Pirate sites, content mills and splogs exist because of Google


In chatting to Alexandra Wolfe on Mastodon about the previous post, I had to draw a sombre conclusion. If it weren’t for Google, there’d be no incentive to do content mills or splogs.

I replied: ‘People really are that stupid, and itʼs all thanks to Google. Google doesn’t care about ad fraud, and anyone can be a Google publisher. So scammers set up fake sites, they have a script trawling Google News for stories, and they have another script that rewrites the stories, replacing words with synonyms. Google then pays them [for the ads they have on their sites]. Every now and then they get someone like me who tries to look after our crew.’

Google is the biggest ad tech operator out there. And over the years, I’ve seen them include splogs in Google News, which once was reserved only for legitimate news websites. And when we were hacked in 2013, the injected code looked to me like Google Adsense code. You could just see this develop in the 2000s with Blogger, and it’s only worsened.

Have a read of this piece, which quotes extensively from Bob Hoffman, and tell me that Google doesn’t know this is happening.

Google is part of the problem but as long as they keep getting rich off it, what motive do they have to change?

Speaking of ad fraud, Bob Hoffman’s last couple of newsletters mentions the Association of National Advertisers, who reported that ad fraud would cost advertisers $120 milliard this year. Conveniently enough for the industry, the ANA’s newsletter has since disappeared.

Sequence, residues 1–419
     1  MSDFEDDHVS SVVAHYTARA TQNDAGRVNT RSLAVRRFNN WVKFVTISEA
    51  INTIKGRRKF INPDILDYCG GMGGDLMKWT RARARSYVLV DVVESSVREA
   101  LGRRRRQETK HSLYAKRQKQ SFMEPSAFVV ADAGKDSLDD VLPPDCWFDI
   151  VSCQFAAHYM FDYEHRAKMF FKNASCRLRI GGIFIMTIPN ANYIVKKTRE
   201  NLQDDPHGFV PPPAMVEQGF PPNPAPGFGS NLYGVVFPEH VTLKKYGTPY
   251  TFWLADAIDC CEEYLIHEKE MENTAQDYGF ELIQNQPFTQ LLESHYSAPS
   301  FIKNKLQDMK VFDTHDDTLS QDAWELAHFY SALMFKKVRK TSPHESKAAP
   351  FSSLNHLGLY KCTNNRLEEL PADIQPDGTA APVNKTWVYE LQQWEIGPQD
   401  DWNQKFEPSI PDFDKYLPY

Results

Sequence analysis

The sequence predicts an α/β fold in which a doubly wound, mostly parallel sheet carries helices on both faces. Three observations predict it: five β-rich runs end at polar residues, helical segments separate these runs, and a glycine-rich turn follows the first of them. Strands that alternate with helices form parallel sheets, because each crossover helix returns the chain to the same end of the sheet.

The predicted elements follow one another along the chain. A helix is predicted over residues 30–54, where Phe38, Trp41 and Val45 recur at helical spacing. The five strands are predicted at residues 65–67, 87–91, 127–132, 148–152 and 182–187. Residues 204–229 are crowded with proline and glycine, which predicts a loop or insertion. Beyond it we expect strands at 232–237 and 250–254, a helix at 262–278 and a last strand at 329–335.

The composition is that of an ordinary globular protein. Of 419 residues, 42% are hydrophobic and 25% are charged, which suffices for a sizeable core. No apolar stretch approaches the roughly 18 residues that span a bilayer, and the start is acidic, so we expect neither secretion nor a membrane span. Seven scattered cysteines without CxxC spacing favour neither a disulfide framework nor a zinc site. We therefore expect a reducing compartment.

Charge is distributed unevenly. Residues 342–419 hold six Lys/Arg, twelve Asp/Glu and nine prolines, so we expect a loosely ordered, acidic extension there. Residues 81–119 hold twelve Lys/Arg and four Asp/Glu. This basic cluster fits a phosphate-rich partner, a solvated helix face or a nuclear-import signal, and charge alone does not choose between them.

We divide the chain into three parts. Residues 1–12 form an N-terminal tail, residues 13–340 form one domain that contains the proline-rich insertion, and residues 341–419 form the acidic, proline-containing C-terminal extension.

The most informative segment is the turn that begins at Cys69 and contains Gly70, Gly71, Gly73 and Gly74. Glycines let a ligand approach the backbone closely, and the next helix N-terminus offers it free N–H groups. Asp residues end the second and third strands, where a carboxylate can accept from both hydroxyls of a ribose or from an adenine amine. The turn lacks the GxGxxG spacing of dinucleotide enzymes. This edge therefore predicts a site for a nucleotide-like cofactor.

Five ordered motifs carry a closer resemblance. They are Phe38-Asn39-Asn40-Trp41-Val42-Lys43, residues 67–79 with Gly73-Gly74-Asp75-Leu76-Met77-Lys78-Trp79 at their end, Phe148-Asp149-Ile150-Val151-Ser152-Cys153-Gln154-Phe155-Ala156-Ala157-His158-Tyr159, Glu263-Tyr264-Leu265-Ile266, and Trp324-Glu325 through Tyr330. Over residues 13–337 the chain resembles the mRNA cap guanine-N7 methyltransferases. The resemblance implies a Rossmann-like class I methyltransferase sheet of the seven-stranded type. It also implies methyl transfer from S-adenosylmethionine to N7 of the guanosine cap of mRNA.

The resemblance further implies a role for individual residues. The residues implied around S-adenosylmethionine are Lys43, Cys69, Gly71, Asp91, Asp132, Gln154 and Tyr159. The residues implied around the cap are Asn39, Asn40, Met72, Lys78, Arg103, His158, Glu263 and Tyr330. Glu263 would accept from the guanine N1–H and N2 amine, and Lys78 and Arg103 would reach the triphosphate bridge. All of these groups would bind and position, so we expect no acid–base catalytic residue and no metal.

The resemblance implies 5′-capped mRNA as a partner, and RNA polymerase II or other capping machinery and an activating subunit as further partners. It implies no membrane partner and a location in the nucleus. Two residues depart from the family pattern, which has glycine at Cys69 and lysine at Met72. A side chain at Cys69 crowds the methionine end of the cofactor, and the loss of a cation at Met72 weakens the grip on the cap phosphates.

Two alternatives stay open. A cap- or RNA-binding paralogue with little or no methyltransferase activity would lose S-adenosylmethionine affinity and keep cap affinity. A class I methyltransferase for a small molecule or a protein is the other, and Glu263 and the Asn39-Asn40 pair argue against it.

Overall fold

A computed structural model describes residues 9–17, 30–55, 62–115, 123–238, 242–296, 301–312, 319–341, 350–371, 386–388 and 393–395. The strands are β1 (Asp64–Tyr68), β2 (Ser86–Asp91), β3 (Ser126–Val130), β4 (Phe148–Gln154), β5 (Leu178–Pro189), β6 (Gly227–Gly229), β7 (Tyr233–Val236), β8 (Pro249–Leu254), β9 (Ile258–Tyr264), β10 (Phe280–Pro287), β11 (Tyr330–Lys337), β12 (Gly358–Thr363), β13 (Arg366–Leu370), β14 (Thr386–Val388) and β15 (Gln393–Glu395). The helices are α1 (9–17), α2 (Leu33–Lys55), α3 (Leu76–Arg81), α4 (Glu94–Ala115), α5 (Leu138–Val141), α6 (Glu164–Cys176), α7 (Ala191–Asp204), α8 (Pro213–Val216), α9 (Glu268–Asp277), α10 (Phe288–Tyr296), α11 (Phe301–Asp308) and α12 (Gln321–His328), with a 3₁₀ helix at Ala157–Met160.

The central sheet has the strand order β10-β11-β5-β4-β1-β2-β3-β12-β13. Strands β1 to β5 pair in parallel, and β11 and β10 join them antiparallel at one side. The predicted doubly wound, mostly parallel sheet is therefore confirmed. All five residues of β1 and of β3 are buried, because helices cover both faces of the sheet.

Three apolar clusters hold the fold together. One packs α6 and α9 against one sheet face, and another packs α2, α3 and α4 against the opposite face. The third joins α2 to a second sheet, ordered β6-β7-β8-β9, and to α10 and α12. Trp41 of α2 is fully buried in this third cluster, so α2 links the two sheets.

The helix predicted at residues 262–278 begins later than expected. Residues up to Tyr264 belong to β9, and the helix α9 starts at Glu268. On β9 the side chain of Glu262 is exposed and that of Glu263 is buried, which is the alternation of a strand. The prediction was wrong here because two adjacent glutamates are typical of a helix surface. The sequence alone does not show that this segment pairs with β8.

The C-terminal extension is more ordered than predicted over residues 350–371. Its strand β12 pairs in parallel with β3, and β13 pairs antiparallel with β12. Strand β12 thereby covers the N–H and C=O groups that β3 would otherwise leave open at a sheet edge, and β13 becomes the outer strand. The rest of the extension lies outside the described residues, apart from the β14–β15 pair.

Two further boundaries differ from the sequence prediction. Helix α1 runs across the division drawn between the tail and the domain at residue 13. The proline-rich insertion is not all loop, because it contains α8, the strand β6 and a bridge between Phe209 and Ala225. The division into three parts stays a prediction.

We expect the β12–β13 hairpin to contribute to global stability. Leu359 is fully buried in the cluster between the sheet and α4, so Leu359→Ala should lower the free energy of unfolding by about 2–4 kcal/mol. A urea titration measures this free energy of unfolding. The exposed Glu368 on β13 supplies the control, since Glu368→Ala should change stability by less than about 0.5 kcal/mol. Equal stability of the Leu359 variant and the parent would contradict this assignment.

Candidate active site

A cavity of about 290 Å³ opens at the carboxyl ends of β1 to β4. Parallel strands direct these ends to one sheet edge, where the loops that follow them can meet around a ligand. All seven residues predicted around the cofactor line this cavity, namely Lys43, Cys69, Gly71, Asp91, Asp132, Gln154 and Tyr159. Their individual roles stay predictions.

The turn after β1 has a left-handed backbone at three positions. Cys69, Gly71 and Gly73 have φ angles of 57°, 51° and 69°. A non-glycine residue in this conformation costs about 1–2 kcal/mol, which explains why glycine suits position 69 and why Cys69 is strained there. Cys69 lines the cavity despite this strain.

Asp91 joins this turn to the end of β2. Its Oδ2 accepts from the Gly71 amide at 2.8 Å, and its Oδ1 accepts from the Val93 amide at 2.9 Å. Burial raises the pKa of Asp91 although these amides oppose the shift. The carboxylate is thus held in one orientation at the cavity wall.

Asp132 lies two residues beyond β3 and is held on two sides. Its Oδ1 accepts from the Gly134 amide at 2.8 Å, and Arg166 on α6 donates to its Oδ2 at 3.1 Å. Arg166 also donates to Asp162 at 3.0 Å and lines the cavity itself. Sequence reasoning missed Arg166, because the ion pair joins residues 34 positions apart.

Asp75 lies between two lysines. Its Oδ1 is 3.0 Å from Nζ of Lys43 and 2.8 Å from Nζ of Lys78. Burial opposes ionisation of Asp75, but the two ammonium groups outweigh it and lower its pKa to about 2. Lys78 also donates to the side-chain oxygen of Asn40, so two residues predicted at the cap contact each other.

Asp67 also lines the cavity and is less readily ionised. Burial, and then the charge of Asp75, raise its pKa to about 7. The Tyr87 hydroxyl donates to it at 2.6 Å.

I still haven’t got into programmatic or header bidding or all the new buzzwords in online advertising, because I don’t understand them. And as it’s so murky, and there’s already so much fraud out there, why join in? Better buying simple ads directly with websites the old-fashioned way, since (again from Hoffman, in the link above):

Buying directly from quality publishers increases the productivity of display advertising by at least seven times and perhaps as much as 27 times compared to buying through a programmatic exchange.

Everyone wins.


Ad tech drives money to the worst online publishers. Ad tech’s value proposition is this: we will find you the highest quality eyeballs at the cheapest possible locations. Ad tech can do this because your web browser and mobile platform are vulnerable to a problem called ‘data leakage’ where your activity on a trusted site is revealed to other companies … If you’re a quality online publisher, ad tech is stealing money from you by following your valuable audience to the crappiest website they can be found on, and serving them ads there instead of on your site.

In other words, Google et al have an incentive to give ads to sploggers, who are getting rich off the backs of legitimate, quality publishers. And as to the intermediaries, I give you Bob Hoffman again, here.

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Send out warmth, get it back


I’ve had a nice resolution after reaching out to FashioNZ over their Instagram tagline and a claim made on their website. There was a delay in their response due to the site being sold to its fifth owners (I must be out of touch, as I never knew who the second and third were!), but they addressed all my points, saying that they cared about journalistic integrity, and wrote to me in as friendly a way as I did to them. The tagline has already been changed, and I understand that they’ll get on to the rest.

To be extra-careful, I had two colleagues in Auckland who knew the (outgoing) publisher read through my email to make sure I was being as collegial as possible, and they gave me the all-clear.

I contrast this to an email I received last year, from a US designer who shall remain nameless.

They had asked for an article to be removed from Lucire but did not explain why. I said I would if we had written something factually wrong, or misrepresented them.